Health Is Made Of Habits
Is the idea of maintaining your self-care list overwhelming? Sometimes it can be overwhelming and exhausting for me just to think of the list of things I want to do to take care of my overall health. I know that yoga is good for me, but I’m just tired and want to curl up in bed and watch a show to relax after a stressful day. I want all of the benefits of these habits like flossing, doing yoga, etc., without actually doing the legwork. In other words, I don’t want to DO yoga, I want to HAVE DONE yoga.
But that’s really where your yoga practice begins, isn’t it? It’s not when you unroll the yoga mat, stand on the mat and roll your shoulders back. Your practice begins when you’ve tumbled into bed, tired from the day. Your practice begins when you’ve first woken up to an alarm that is loudly urging to rise and get to your mat. Your practice begins when the nagging voice in the back of your mind is urging you to skip it today.
We all want the benefits, and of course we’d rather not to do the leg work. It makes sense that any passive approach to acquiring the benefits of any healthy habit is appealing, and it’s not just because we’re lazy (although I will be the first to admit my laziness). It’s also because we’re exhausted, overextended and overstressed in this day and age with contemporary economic, emotional, mental pressures.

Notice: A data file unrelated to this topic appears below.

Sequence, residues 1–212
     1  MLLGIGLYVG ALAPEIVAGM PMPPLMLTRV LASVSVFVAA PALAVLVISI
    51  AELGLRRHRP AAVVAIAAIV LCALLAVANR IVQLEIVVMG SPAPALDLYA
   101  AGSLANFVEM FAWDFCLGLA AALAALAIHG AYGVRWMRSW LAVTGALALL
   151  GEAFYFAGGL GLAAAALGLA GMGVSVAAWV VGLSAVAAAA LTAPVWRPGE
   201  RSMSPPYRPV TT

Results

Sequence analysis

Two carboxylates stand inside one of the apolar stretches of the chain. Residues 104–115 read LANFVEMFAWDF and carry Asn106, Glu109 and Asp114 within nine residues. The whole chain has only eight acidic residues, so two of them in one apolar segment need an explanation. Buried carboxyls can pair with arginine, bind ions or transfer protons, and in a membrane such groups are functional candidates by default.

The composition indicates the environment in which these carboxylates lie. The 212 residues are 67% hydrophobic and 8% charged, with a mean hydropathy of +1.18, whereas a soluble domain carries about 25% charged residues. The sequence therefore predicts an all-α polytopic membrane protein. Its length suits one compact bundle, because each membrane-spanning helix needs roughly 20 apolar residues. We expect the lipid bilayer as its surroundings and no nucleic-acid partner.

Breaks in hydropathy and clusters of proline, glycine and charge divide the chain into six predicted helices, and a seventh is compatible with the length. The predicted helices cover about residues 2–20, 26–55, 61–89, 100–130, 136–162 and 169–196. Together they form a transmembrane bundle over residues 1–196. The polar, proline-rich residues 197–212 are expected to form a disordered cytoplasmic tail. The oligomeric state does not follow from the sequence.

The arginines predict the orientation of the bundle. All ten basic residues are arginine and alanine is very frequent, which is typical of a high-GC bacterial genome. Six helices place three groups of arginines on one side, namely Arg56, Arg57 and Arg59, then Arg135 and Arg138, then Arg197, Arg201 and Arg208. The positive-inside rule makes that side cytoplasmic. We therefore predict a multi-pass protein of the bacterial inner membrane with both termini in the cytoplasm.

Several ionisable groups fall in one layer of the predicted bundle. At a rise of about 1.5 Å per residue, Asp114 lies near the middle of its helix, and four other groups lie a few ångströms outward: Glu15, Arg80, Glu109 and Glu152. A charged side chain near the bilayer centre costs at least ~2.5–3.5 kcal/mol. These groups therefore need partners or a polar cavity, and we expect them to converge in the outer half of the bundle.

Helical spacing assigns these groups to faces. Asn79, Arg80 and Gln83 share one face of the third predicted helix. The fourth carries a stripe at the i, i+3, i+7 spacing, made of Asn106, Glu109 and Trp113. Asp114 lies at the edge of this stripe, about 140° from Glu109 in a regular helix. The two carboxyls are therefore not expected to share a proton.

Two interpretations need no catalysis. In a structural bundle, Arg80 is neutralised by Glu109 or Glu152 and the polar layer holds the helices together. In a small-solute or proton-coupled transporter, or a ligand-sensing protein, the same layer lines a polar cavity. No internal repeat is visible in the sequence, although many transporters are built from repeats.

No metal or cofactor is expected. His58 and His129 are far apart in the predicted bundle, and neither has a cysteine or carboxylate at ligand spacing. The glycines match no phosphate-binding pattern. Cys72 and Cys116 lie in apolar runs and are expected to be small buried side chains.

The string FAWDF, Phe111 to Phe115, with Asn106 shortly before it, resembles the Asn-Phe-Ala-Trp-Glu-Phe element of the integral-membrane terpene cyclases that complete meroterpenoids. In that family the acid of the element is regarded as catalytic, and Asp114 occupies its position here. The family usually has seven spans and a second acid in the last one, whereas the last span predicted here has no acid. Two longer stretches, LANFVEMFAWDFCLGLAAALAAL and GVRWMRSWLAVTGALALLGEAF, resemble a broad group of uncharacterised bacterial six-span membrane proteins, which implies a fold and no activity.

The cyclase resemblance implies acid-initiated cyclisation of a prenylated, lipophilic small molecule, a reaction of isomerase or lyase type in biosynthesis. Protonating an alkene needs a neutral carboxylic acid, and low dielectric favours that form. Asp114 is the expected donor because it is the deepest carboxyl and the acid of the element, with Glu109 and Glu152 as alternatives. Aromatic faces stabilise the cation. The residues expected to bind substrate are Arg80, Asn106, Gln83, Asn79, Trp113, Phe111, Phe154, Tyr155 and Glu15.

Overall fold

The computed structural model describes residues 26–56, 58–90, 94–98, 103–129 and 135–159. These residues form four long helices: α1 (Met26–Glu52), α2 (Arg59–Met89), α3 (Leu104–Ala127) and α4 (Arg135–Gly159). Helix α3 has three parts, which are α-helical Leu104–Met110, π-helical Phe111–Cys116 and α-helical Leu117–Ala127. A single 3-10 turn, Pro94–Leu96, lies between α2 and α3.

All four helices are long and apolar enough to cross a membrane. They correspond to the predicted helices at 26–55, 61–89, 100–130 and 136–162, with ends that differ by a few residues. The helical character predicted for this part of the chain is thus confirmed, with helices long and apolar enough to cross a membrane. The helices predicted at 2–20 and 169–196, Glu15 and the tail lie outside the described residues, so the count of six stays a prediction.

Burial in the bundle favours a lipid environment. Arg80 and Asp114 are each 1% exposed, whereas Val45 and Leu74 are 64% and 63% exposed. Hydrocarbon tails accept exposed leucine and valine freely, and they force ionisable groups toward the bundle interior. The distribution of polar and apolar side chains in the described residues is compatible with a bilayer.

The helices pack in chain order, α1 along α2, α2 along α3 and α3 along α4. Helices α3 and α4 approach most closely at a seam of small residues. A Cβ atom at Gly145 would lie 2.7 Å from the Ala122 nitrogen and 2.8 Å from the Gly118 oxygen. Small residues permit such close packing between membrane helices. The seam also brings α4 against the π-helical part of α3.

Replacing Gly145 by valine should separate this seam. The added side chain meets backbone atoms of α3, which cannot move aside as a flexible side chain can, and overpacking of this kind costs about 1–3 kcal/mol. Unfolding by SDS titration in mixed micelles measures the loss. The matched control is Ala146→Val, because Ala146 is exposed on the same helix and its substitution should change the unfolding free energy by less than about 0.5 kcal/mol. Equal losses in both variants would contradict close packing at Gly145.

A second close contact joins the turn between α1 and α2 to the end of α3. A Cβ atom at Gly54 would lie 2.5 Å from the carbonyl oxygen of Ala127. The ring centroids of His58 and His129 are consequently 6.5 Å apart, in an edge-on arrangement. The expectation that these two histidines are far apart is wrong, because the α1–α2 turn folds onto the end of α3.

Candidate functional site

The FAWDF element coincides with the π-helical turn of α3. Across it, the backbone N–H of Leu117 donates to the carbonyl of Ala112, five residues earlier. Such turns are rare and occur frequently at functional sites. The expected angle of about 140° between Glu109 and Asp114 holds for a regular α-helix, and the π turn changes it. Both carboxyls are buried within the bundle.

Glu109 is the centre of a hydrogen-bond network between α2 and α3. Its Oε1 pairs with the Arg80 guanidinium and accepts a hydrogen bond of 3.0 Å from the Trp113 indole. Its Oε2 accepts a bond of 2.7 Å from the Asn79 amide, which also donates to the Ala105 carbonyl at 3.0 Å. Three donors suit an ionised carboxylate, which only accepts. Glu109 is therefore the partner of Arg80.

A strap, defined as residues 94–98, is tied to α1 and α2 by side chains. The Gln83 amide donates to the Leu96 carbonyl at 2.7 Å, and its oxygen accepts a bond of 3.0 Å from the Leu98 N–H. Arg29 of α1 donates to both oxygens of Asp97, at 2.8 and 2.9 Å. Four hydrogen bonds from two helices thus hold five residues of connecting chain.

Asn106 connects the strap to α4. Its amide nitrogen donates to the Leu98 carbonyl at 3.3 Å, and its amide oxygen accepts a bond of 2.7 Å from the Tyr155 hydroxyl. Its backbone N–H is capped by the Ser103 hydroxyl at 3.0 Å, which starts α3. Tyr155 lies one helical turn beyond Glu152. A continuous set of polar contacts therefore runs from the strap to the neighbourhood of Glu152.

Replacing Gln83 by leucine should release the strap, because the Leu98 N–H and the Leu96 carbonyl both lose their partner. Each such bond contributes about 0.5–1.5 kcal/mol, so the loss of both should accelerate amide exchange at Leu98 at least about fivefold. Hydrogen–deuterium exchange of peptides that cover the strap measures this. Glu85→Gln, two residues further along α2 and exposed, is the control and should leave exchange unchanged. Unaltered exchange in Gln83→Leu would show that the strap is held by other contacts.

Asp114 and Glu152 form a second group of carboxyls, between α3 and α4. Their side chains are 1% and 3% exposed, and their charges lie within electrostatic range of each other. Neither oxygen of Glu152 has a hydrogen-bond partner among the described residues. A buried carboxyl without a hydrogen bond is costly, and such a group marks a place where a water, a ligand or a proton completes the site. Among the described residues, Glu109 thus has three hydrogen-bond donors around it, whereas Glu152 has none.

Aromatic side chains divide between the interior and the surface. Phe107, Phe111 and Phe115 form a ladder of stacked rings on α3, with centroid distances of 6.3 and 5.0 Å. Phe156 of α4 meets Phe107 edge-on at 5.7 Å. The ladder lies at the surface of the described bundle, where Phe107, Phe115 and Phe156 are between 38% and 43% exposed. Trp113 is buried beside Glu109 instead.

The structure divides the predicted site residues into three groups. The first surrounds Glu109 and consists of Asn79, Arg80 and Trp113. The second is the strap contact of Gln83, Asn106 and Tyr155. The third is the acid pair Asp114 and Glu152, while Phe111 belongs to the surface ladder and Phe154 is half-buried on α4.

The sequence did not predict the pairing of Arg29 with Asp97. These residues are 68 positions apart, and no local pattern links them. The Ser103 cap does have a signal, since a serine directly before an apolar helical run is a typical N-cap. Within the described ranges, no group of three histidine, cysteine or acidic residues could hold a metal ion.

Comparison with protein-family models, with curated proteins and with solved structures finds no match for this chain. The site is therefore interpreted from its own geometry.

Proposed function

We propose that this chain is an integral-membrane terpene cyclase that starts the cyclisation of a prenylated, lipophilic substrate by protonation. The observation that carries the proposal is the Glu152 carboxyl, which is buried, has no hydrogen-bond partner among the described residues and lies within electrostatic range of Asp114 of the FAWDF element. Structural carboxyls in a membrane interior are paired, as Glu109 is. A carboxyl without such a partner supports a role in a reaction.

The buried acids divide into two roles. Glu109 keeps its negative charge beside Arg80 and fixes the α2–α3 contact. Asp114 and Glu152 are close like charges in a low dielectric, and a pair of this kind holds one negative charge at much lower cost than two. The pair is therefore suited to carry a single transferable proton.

We can’t wait for those pressures to go away. I really do believe in changing our lifestyles and trying to opt out of stress as much as possible, but we can’t entirely get rid of the pressures of life – at least not in one fell swoop. And that is why your yoga practice starts in the very moment when you’re considering skipping your practice.
Consistency is Key
Overall your body and mind will respond better when you practice frequently; ideally on a daily basis. And that’s why I’ve decided to commit myself to bite-size chunks. When I’m exhausted after a long day and I’m looking at my watch counting the maximum hours of sleep I could possibly get if I go to bed now, it’s just so much less overwhelming to commit to ten or fifteen minutes of yoga, here, in this moment, instead of waiting for the day when I have less pressures in my life and can do a full hour of yoga and meditation.
What daily, bite-size chunks are you committing to? How do you respond to the inevitable desires to skip them?